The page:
Compared to adults, young children are more likely to believe that “mean” babies, kids, and teens will grow into “nice” adults. The study, published in the journal Cognitive Development, also found evidence that this positivity bias has to do with developmental differences in inhibitory control.
Adults frequently make predictions about other people’s behavior based on what they know about a person’s past actions. For example, knowing someone has acted meanly in the past leads us to expect that this person will behave meanly again in the future. Research suggests that children do not tend to make such inferences, however, until around the age of 7. Before then, children tend to show a bias whereby they expect positive traits and behaviors from everybody.
Study authors Hannah J. Kramer and her team say that children’s understanding of trait stability appears to develop alongside improvements in executive function. Between ages 3 and 7, children develop cognitive processes such as working memory and inhibitory control. The development of these abilities may allow children to overcome the positivity bias that prevents them from attending to other people’s negative traits.
Kramer and her colleagues conducted an experiment to explore age-related differences in beliefs about trait stability, as well as a possible mechanism for children’s positivity bias in trait reasoning. The researchers recruited children and adults of varying ages and divided the sample into four age groups — ages 4 to 5, ages 6 to 7, ages 8 to 10, and adults with an average age of 21.
The participants were each shown a sequence of six characters. The character sets were randomized but each one consisted of two babies, two kids, and two teenagers. As they were presented with each character, participants were told that the person was either “medium mean” or “medium nice” and then asked to make a prediction about the “meanness” or “niceness” of this character at other stages of life. For example, a forward prediction asked participants to judge the extent that a “medium mean” child will be mean or nice as a grownup. A backward prediction asked them to judge the extent that a “medium mean” child was once a mean or a nice baby.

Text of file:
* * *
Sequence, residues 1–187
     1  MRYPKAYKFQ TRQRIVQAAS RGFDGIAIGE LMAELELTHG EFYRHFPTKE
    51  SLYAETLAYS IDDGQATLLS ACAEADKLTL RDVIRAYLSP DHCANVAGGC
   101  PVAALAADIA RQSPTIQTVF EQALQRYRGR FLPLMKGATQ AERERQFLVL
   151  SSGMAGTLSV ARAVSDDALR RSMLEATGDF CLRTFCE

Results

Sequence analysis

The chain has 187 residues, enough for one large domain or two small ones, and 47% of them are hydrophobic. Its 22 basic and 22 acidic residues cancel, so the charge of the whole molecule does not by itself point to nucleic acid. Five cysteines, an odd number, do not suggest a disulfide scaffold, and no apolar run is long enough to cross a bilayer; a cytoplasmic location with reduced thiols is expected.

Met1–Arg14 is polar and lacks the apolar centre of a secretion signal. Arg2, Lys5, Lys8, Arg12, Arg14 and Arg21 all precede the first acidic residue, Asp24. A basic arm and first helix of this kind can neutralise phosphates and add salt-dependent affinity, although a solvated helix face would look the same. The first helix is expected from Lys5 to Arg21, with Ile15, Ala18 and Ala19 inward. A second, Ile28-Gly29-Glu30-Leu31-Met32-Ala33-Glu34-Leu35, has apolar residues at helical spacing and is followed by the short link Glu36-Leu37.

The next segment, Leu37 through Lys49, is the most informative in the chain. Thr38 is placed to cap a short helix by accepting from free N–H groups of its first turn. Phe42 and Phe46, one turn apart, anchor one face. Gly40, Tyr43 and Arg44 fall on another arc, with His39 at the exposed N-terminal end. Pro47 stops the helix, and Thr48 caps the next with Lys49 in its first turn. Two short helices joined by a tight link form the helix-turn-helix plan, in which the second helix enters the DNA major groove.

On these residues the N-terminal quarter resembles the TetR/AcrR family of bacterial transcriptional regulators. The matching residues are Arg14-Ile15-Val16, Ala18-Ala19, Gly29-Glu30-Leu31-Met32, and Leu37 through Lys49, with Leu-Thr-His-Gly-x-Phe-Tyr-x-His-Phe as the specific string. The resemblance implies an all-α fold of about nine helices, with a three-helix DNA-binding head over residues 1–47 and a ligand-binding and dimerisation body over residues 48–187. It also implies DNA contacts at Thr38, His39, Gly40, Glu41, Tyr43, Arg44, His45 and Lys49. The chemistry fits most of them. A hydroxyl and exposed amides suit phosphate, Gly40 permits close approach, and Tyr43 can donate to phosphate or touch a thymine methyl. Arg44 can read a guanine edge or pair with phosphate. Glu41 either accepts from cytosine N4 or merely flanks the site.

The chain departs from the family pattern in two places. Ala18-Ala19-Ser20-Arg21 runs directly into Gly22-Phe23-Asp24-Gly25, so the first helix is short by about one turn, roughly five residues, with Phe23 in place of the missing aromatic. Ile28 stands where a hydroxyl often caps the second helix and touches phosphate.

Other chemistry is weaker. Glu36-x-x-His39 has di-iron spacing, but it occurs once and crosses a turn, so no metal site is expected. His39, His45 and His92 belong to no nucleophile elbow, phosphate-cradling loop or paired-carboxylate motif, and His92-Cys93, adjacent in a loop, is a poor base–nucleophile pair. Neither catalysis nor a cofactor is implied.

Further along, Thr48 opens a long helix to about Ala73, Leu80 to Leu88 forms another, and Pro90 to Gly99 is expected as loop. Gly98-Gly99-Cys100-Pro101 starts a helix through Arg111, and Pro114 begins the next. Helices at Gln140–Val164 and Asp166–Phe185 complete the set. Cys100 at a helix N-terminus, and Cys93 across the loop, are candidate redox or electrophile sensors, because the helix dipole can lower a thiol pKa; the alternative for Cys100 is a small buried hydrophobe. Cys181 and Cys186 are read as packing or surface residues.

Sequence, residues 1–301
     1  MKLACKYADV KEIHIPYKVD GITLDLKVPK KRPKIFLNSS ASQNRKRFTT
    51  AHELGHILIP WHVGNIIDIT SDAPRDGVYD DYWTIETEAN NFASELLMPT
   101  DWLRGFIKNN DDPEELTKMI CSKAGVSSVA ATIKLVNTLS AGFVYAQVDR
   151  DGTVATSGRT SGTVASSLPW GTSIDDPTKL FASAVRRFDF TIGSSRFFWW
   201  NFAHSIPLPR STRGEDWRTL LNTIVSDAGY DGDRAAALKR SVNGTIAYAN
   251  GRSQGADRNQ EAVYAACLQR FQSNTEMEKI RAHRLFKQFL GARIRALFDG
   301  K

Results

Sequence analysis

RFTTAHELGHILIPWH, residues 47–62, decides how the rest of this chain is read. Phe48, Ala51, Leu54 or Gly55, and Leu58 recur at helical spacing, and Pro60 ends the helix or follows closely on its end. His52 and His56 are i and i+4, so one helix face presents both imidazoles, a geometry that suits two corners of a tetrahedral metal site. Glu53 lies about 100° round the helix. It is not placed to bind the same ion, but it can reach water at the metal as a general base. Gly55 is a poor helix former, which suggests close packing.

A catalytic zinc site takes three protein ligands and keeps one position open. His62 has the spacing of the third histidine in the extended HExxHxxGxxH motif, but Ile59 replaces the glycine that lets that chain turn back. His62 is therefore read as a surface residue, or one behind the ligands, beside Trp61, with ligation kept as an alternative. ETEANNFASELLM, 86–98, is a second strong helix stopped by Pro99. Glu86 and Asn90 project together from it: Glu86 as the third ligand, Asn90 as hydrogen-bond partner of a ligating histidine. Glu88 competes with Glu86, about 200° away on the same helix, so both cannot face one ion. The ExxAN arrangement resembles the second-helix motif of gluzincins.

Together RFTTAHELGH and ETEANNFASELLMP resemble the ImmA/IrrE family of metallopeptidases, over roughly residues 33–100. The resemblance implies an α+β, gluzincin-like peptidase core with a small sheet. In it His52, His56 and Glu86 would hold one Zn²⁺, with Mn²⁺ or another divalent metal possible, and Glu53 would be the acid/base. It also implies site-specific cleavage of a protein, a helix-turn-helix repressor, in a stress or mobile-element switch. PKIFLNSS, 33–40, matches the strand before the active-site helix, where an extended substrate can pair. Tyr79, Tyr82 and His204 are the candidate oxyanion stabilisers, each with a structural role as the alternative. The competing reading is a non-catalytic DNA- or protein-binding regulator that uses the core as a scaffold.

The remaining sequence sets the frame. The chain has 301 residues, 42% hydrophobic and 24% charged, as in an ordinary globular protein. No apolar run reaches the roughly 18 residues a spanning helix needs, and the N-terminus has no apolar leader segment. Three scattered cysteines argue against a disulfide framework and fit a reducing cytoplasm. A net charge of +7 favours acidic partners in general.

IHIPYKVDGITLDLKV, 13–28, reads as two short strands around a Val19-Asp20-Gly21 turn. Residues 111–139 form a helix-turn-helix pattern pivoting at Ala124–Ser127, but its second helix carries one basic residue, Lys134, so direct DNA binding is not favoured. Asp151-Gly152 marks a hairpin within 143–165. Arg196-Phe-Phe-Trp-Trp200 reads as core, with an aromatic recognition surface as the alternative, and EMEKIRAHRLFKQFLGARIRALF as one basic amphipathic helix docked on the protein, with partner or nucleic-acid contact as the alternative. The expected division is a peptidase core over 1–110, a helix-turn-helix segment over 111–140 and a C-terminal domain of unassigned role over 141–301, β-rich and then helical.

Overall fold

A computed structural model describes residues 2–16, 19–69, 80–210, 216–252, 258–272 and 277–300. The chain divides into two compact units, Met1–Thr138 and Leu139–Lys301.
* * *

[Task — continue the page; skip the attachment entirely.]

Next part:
Overall, participants of all ages expected characters who were labeled as nice to be nicer across different time points (as babies, kids, teenagers, and grownups) compared to characters who were labeled as mean. However, younger kids showed a positivity bias when judging characters who were labeled as mean. The 4- to 7-year-olds thought that “mean” characters would later become nicer grownups than did the 8- to 10-year-olds and adults.
Interestingly, the results revealed a u-shaped developmental curve when it came to backward predictions about how mean-labeled characters would have been as babies. Both adults and kids who were between 4 and 5 years old felt that mean characters were nicer as babies than did the 6- to 10-year-olds. One explanation for this could be that each age group was using different reasoning when drawing these inferences. The 4- to 5-year-olds likely inferred that mean adults used to be nicer as babies than did 6- to 10-year-olds due to a stronger positivity bias. Adults may have inferred mean adults to be nicer as babies by reasoning that a person’s personality is largely the product of their environment.
Next, the researchers found evidence that these age-related differences may have to do with developments in executive control. Their analysis found that participants with greater inhibitory control demonstrated greater belief in the stability of meanness — they were more likely to feel that characters described as mean had been mean as babies and would stay mean as adults. This link was not found for the stability of niceness. This suggests that, within the context of trait reasoning, the role of inhibitory control is to override the bias that everyone is “nice” and instead make inferences based on applicable evidence about a person’s behavior.
While the actual stability of personality traits is up for debate among personality psychologists, the findings suggest that the most advanced, adult way of thinking is to infer that traits are stable. The authors say their findings pave the way for future studies. “We look forward to further research that broadens trait reasoning away from an emphasis on what changes with age to a deeper understanding of the cognitive and social factors that contribute to age-related shifts and individual differences,” Kramer and colleagues conclude.
The study, “Children’s and adults’ beliefs about the stability of traits from infancy to adulthood: Contributions of age and executive function”, was authored by Hannah J. Kramer, Taylor D. Wood, Karen Hjortsvang Lara, and Kristin Hansen Lagattuta.